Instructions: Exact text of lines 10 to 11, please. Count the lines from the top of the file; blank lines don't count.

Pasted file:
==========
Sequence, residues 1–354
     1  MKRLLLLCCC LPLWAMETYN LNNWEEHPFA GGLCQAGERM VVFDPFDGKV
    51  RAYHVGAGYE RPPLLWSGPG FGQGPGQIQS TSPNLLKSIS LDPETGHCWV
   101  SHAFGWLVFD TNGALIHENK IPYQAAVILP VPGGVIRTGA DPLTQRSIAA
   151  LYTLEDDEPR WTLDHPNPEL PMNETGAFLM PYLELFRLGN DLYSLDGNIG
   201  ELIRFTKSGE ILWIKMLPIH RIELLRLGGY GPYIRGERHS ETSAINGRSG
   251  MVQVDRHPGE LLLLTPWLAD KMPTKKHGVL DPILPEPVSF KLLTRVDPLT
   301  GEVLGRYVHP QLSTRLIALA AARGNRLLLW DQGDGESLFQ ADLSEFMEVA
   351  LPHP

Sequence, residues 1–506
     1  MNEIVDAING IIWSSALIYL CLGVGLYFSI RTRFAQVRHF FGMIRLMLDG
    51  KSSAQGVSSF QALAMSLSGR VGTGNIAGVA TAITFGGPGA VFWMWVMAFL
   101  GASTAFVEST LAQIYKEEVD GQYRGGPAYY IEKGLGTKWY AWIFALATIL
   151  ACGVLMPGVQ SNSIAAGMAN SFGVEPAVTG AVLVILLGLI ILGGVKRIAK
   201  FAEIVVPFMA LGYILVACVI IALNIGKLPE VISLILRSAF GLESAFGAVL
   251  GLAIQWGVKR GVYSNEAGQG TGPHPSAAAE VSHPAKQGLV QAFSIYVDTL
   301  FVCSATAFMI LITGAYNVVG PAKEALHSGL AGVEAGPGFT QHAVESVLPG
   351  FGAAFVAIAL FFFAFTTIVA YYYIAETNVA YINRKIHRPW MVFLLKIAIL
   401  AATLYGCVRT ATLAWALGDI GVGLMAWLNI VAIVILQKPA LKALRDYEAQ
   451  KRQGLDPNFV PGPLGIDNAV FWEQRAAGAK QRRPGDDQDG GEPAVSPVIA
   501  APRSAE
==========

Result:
Sequence, residues 1–506
     1  MNEIVDAING IIWSSALIYL CLGVGLYFSI RTRFAQVRHF FGMIRLMLDG